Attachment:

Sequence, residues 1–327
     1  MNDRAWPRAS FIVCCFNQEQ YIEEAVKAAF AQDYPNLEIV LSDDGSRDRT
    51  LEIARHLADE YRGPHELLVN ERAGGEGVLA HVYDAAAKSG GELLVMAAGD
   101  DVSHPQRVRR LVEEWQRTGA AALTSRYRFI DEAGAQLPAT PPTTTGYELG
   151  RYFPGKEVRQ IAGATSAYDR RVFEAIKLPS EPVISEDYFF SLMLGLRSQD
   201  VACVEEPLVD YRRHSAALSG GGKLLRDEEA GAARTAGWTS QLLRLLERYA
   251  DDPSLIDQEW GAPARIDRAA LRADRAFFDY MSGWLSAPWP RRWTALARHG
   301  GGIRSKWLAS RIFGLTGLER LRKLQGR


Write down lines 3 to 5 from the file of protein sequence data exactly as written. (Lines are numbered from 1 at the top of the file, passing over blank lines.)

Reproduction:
    51  LEIARHLADE YRGPHELLVN ERAGGEGVLA HVYDAAAKSG GELLVMAAGD
   101  DVSHPQRVRR LVEEWQRTGA AALTSRYRFI DEAGAQLPAT PPTTTGYELG
   151  RYFPGKEVRQ IAGATSAYDR RVFEAIKLPS EPVISEDYFF SLMLGLRSQD